S.J. Collins Enterprises

Four on Friday: Jay Douglas of S.J. Collins Enterprises

In today’s Four on Friday, we talk with Jay Douglas of metro Atlanta-based S.J. Collins Enterprises, a firm that specializes in the development and acquisition of grocery-anchored shopping centers in the Southeast and Mid-Atlantic. Jay gives us the lowdown on his duties at the company, talks about the brisk pace of leasing at S.J. Collins’ properties and details why he experienced a particularly strong bout of schadenfreude recently.

Many thanks to Jay for his time.

Give us an overview of your duties at S.J. Collins.

We don’t have actual titles at S.J. Collins, but if you were to give me one, it would be something along the lines of director of leasing. As part of that, I work with potential retailers to bring them through the letter of intent and lease negotiations.

Ultimately, I spend a lot of time with tenant brokers and lawyers. As an attorney myself, I am able to speak the common language and bridge the gap between the business objectives of getting the deal done and the legal priorities of protecting the company as landlord.

How would you describe the pace of leasing at your properties – are you noticing an uptick as the economy and CRE markets continue to recover?

Douglas: Leasing at our properties has always been extremely strong. With high-end organic grocers as the anchor tenants, retailers know that we are bringing in a customer base that has disposable income and is willing to spend it on their health. Nail and hair salons, pet stores, athletic studios and quick-service restaurants that focus on high-quality/organic food are in every single one of our centers.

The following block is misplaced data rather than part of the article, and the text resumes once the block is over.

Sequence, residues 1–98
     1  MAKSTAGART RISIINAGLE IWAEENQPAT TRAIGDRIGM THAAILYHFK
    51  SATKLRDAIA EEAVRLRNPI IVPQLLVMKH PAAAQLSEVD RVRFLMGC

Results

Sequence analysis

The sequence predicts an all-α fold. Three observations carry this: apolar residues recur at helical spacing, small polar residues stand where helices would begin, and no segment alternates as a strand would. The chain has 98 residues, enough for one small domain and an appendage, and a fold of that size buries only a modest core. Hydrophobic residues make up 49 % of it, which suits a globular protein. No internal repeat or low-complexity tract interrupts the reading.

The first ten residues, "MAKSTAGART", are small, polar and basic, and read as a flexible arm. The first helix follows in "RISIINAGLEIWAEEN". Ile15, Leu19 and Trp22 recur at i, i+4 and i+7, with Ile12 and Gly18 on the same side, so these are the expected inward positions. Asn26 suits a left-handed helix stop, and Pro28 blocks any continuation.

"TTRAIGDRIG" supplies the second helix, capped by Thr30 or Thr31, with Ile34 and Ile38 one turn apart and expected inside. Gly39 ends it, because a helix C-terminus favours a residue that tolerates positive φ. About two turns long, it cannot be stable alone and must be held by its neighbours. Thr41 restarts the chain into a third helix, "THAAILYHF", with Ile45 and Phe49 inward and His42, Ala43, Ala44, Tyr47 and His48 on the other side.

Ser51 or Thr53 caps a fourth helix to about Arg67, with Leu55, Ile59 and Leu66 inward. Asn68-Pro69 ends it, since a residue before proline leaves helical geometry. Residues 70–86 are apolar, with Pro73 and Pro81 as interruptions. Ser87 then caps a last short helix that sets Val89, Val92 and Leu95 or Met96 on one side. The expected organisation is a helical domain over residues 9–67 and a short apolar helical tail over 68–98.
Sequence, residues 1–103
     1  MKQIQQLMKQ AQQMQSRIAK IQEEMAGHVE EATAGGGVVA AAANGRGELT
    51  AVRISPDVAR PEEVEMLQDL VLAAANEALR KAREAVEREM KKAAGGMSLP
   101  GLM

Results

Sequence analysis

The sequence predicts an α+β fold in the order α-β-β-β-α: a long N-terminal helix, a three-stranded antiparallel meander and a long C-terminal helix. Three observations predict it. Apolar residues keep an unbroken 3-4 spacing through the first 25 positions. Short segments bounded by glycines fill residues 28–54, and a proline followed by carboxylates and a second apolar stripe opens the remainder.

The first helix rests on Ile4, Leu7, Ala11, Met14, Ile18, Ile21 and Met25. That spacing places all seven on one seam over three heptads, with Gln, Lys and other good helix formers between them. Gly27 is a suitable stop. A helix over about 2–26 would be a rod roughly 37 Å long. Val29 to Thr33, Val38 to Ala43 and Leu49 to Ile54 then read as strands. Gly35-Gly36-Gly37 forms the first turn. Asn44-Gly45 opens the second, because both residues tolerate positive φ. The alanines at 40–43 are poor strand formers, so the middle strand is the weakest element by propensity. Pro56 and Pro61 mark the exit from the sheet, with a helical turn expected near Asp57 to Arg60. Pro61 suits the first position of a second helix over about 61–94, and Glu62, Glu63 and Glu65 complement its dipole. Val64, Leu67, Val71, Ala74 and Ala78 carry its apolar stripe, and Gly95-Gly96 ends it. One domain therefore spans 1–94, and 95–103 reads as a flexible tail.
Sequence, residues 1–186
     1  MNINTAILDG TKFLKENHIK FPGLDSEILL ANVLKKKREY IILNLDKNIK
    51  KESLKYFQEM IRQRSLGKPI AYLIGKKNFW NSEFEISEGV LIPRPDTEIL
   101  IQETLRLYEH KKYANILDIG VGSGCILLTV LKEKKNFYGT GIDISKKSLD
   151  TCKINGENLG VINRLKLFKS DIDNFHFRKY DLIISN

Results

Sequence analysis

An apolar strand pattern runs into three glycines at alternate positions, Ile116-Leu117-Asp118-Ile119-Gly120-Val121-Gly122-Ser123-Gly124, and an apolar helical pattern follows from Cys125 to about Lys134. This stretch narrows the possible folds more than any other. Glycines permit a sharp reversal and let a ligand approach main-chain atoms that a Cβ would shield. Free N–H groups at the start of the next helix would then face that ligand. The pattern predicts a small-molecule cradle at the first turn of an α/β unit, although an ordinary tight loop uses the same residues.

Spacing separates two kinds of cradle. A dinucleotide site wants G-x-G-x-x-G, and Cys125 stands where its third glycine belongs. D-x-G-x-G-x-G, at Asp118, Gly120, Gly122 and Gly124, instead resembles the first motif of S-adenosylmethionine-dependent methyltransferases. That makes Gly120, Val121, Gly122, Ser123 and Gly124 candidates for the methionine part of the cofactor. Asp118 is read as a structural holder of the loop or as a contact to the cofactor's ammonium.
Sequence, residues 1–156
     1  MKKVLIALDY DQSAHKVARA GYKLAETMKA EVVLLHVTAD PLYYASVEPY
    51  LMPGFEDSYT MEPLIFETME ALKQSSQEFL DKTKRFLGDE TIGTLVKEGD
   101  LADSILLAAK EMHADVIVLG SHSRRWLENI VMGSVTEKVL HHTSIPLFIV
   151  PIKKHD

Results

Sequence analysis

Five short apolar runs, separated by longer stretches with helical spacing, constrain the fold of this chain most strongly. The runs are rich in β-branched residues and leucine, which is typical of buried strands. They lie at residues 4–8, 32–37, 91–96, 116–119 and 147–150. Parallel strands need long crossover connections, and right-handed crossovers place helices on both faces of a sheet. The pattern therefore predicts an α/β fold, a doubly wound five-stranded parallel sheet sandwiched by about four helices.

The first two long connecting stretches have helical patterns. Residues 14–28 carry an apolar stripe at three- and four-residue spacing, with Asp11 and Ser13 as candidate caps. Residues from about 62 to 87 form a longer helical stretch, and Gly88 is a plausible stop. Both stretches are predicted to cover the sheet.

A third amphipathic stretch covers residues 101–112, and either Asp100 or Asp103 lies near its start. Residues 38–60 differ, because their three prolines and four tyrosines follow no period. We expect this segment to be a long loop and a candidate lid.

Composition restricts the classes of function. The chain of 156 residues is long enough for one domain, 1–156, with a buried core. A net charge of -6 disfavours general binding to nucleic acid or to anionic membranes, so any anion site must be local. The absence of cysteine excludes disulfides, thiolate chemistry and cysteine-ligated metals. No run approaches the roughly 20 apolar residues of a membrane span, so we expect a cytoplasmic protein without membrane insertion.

Our last several centers have opened up 100 percent leased, and we are well on our way towards that goal on the four projects that are currently under construction. I don’t know what this says about the economy as a whole, as we really focus on one subset of the larger market, but we are definitely not seeing things slow down.

The one bright spot that does seem to be universally applicable is the return of the banks. Lenders seem to have finally processed the majority of their bad loans and are now refocused on growing their portfolios. That and the historically low interest rates allow us to do what we do on the front-end with acquiring properties and constructing the shopping centers.

When you're not at the office, how do you like to spend your time?

Douglas: I like to maintain an active lifestyle. Back when I was in law school, I played racquetball on the school’s club team, and almost 10 years later, I still try to play on a weekly basis. Now that my oldest son is 8, I have started introducing him to different sports like golf (though I am probably just cursing him to a lifetime of bad mechanics and frustration).

We noticed you're a graduate of Brigham Young University. How big was the grin on your face after the Cougars' recent 41-7 thrashing of the Texas Longhorns?

Douglas: What’s funny about that game is that my first reaction wasn’t amazement at how good BYU had become, but rather wondering how Texas could have gotten so bad. Regardless of whether we are particularly good this year or Texas is particularly bad, it doesn’t make the schadenfreude any less sweet. It’s nice to see us back in the Top 25. It’s been way too long since we’ve been there.